Samsung Files Patent for Multicolor 3D Printing

Christine Dunne
Jun 23, 2015

A recent article reported that Samsung has filed a patent application for a multicolor 3D printing process that includes a method to control multicolor photocurable ink using an anti-intercolor bleed agent.

The technology would reportedly prevent the undesired bleeding of different colored polymer ink compositions prior to curing.

A copy of the patent appears to be listed in Google’s database of patents, including a drawing of the technology. It appears as though the patent was filed with the World Intellectual Property Organization, the European Patent Register, and the United States Patent and Trademark Office.

Drawing Included in Samsung’s 3D Printing Patent Application Filing

Source: Google’s patent database

The proprietary design includes tanks for different colored polymer ink compositions (i.e., black, magenta, cyan, and yellow), an anti-bleed agent, printheads for each of these materials, and a UV light source to cure the materials during printing.

The anti-bleed agent would help ensure colors do not undesirably mix together (bleed). As indicated in the patent filing, when different colors are printed onto the same layer to be adjacent to one other, an intercolor bleeding phenomenon may occur—preventing a clear image.

The filing indicates the patent may be applied to a material jetting method using a thermal head or a piezo head. It also states that the UV light source may be an LED-type UV lamp—which consumes low power (due to low heat generation) and has a small size.

InfoTrends’ Opinion

While this patent has not yet been awarded, it signifies continued innovation in 3D materials for piezo-based 3D deposition technology. The undesirable bleeding of colors is a problem associated with material jetting that can significantly impact the quality of an end object. Should this invention help improve the quality of materials used with this technology, Samsung could help propel the industry forward and grow demand for 3D printed objects.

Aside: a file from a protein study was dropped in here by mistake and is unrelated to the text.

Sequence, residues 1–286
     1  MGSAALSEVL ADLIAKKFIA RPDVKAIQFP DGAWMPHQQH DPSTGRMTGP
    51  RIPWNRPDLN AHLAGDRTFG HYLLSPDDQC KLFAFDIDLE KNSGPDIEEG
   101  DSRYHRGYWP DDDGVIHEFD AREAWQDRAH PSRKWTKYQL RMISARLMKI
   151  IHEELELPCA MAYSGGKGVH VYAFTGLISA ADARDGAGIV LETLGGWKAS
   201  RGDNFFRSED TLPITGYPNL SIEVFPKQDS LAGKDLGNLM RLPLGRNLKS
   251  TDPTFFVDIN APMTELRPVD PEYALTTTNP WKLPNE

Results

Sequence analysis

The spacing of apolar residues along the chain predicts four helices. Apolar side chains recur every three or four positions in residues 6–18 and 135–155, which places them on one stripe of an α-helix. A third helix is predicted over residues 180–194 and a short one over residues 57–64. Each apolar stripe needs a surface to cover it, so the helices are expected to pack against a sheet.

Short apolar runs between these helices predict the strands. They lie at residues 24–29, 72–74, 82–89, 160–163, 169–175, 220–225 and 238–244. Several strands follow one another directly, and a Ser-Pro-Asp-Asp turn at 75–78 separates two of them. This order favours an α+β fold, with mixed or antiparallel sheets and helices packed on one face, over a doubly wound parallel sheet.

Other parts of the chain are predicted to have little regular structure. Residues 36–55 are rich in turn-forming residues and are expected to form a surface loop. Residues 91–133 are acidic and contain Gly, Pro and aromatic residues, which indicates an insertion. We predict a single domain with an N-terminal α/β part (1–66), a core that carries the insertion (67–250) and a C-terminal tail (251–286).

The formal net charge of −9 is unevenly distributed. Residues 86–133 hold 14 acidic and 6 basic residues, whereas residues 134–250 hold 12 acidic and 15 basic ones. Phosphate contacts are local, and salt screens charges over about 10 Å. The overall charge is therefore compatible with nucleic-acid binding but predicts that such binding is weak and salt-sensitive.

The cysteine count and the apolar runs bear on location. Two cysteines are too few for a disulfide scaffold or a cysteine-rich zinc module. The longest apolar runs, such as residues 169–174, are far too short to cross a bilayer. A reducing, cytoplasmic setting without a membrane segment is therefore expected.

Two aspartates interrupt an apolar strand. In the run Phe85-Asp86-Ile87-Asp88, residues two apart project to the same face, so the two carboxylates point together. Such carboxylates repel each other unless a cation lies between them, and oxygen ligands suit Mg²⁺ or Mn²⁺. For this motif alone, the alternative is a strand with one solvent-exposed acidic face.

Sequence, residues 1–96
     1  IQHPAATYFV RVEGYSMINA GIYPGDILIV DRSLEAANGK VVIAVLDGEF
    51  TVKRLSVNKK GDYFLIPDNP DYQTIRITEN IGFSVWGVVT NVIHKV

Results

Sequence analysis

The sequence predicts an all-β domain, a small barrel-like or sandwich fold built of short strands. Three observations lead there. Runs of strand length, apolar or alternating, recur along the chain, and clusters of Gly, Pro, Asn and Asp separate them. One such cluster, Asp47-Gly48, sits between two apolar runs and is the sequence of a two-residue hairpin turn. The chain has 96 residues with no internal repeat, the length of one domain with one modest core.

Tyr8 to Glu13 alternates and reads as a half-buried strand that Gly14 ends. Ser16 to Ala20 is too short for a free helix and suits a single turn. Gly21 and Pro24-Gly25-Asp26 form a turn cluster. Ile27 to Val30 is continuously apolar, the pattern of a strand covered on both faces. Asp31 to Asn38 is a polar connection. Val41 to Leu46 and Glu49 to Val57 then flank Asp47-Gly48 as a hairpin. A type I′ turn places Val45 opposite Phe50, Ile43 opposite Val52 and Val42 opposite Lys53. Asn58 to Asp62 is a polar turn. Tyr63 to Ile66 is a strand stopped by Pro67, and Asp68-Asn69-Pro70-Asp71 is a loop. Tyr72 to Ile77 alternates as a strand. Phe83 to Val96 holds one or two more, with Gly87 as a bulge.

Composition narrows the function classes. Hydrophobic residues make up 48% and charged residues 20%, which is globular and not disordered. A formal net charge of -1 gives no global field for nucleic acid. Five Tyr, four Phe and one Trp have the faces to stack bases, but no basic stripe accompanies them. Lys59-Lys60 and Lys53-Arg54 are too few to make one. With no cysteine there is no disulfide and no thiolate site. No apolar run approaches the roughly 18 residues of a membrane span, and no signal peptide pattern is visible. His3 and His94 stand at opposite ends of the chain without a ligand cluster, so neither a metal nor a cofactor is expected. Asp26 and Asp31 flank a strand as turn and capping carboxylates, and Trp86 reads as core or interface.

Only time will tell whether the patent violates any patents currently in effect (e.g., patents from Stratasys or 3D Systems), and whether the relevant bodies will decide to grant it. Another key question is whether Samsung would license the patent to third parties looking to improve their technology, or hold onto for its own purposes.

Samsung has revealed no plans to develop a 3D printer, but should Samsung decide to take this route a patent could be beneficial.

While there are many questions around this patent, there’s also an opportunity for it to contribute to the growing capabilities and commercialization of 3D printing technology. InfoTrends will eagerly track this news story as part of its ongoing 3D printing coverage and analysis.

For more information on InfoTrends’ coverage of the 3D printing market, please contact Scott Phinney at InfoTrends is particularly focused on viewing the market from the perspective of 2D printing players looking for new, complementary opportunities.


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